Economist: Staying pure, Howard Schultz’s formula for Starbucks.(Feb 23rd 2006 )
It’s nice to its employees:
Starbucks buys expensive beans and pays its growersâ€”be they in Guatemala or Ethiopiaâ€”an average of 23% above the market price. A similar benevolence applies to company employees. Where other corporations seek to unload the burden of employee benefits, Starbucks gives all American employees working at least 20 hours a week a package that includes stock options (â€œBean Stockâ€) and comprehensive health insurance.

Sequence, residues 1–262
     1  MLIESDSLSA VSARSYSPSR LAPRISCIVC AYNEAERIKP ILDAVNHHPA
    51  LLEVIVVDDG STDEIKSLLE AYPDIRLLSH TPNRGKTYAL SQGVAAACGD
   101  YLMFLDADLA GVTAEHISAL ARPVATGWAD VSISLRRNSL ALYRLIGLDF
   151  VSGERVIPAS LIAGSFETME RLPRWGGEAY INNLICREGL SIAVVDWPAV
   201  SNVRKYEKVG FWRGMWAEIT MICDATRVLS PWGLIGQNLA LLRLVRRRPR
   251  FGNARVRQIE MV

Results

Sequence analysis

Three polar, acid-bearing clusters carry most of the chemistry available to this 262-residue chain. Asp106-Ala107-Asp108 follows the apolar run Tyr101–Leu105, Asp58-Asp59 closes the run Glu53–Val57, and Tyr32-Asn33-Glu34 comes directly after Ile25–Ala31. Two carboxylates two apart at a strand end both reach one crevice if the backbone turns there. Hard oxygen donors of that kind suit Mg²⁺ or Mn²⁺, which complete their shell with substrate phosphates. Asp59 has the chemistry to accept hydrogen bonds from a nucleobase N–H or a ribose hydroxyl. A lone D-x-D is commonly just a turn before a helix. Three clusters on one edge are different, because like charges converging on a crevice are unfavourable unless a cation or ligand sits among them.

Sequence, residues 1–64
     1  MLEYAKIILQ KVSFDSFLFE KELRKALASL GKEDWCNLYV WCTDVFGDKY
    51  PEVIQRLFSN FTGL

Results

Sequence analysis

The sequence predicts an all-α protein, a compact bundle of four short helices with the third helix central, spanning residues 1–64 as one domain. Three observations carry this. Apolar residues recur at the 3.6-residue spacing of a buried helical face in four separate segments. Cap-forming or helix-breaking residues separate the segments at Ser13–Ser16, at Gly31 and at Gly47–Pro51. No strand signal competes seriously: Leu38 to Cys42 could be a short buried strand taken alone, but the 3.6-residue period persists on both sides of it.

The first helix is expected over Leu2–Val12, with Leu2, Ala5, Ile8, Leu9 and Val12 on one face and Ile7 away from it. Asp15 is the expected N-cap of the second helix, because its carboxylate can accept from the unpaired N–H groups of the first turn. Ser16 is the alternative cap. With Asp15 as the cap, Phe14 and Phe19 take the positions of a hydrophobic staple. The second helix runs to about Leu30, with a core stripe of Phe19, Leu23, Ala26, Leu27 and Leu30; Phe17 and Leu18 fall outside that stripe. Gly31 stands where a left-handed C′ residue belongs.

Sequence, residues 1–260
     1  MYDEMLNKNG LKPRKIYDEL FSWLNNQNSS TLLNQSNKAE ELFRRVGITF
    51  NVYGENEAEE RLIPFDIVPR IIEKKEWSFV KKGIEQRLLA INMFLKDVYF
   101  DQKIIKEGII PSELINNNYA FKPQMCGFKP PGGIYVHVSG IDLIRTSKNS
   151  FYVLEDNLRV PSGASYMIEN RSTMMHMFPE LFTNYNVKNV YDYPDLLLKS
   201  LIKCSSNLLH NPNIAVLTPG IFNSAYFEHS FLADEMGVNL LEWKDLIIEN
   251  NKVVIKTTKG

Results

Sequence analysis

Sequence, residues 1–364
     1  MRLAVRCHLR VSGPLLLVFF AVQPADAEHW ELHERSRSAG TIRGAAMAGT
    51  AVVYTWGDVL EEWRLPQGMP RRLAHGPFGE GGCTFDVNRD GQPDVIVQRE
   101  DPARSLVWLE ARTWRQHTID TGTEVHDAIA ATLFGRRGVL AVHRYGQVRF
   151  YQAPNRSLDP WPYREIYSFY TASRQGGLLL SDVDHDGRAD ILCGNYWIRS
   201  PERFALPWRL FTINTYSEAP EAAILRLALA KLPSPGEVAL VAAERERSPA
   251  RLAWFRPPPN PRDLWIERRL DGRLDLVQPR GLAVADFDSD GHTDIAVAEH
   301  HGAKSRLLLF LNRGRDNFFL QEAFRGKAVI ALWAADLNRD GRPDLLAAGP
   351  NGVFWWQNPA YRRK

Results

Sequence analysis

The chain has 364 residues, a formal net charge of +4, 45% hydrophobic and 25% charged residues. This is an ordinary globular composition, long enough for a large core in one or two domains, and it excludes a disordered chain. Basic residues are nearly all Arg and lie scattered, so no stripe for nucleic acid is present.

And it is good for other coffee houses, too.
No doubt the coffee snobs will blanch at the prospect. Yet they miss three points. The first is that, thanks to Starbucks, today’s Americans are no longer condemned to drink the insipid, over-percolated brew that their parents endured. The second, less recognised, is that because Starbucks has created a mass taste for good coffee, small, family-owned coffee houses have also prospered (and no one has ever accused Starbucks, with its $4 lattes, of undercutting the competition).
Last but not the least:
The company is now in 37 different countries. China, which has over 200 stores, will eventually be its biggest market after America, …